Next stop was Opa Locka airport which is just north of Miami International and is an airport of entry meaning we have to clear customs and immigration again as we are now coming from a foreign country. To enter the USA there is reams of paperwork and filing of eApis, an electronic pre notification to customs and immigration. Chris had to call a special number before we left Stella Maris to get a secret code so they know we were coming. He also had to file an instrument flight plan so that we were fully "in the system" and on radar .We flew over many wonderful islands, some with no names or others I cannot remember. They all began to merge into my delightful memories of breathtaking scenery which I am very much grateful for having had the chance to see them. We finally see Bimini, which is about fifty miles away from Miami. Soon we are back to US airspace; it is a real shock because all of a sudden I hear what seems like hundreds of voices all talking at once. It takes a while for my ears to get tuned into Miami airwaves, as Miami traffic control was extremely busy, vectoring in airplanes and giving and directions, clearances and descents in the area. I am exhausted and overwhelmed by the incessant chatter, and after a while I zoned out a bit and looked at Chris who is very comfortable back in his old familiar role talking to US air traffic control, responding with the same quick short fired answers as the questions were delivered. Clearing customs seemed like a long drawn out process, and we were asked several questions one being “did you really fly this little plane all that way to South America, and land at all of these 14 different countries?” Unloading and loading the plane fully was a nightmare, as we had our whole three months of travelling compartmentalized into separate containers and bags. For example I had rocks from Patagonia in bags, souvenirs from the Argentina in containers, Chris had sand from the Falklands, I had shells and flip flops from South America, we even had the broken part of our airplane as a memento after my incident take off!!! When the customs lady walked around our overstuffed little plane, as we unloaded it for her to inspect she was not impressed. To her horror there was more than she bargained for and all she could say was “so many itsy bitsy little bags, so much stuff!” When we were finally cleared we reboarded our little plane and continued our journey towards Naples. Flying our old familiar commute route from Miami to Naples seemed strange to me now. I was always a little daunted of going over Alligator Alley and the Everglades, the thirty minutes of over swamp land had freaked me out a little before this journey, but today it seemed like no big deal. The forty minute leg was bittersweet because I was glad that we  had made it back to the USA in one piece, but the most exotic part of our mission was coming to an end. We now have to take our old Blue Jay to Cape Cod, and although it will be fun it will not be as glamourous and different, as in going to the most southern tip of the world.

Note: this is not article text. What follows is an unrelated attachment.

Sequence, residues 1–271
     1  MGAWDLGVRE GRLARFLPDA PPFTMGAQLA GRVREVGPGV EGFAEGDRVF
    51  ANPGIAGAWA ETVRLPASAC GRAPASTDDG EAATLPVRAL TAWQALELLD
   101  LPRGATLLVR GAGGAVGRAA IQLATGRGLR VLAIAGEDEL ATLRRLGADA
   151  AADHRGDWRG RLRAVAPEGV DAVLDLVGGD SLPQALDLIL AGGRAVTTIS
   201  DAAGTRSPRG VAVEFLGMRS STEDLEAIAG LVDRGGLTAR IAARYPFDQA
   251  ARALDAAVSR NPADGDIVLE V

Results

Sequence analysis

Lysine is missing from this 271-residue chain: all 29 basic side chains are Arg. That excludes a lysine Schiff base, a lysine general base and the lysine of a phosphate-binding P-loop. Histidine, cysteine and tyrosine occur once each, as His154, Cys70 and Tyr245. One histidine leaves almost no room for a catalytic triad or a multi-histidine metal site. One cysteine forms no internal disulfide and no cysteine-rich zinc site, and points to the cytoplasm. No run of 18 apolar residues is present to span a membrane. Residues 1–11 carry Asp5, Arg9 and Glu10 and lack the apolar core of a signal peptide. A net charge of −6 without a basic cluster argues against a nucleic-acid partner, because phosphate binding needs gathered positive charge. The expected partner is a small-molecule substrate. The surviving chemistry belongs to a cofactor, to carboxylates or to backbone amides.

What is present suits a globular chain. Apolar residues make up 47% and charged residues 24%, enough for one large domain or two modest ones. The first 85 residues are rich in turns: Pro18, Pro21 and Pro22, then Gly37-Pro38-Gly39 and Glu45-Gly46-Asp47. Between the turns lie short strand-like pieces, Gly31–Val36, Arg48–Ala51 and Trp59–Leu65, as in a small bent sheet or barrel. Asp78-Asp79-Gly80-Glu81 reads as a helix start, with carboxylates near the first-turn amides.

On approaching Naples airport Chris asked the controller if he could do a low approach, which was approved of and just for old time’s sake he did a kind of “buzz job” keeping within local legal limits. On landing at Naples we were met by many people, the airport manager, the friendly operation staff, various ground crew, and news team from the Naples newspaper and a local TV station. Most importantly we were met by our dear friend Lyle, and old friend of Chris’s whose friendship goes way back, and just seeing his smiling face was treat and made it a wonderful  warm welcome.
It was an incredible journey where I hope we have collected some money for the Kings College cause, but most importantly raised organ donor awareness and made people see that in becoming a donor you can give a second chance of life to someone. I hope by people seeing Chris living life to the full despite having a liver transplant the message was heard. I know from positive emails from many people it has prompted some to become donors after reading about two “idiots in little plane”. It was a journey that was not without danger, stress, problems and frustrations, but a brilliant trip of a life time. I hope after recovering from my operation and taking old Blue jay back to Nantucket people will continue to follow our journey. Many thanks and much love to all of the brilliant people who have supported us along this journey.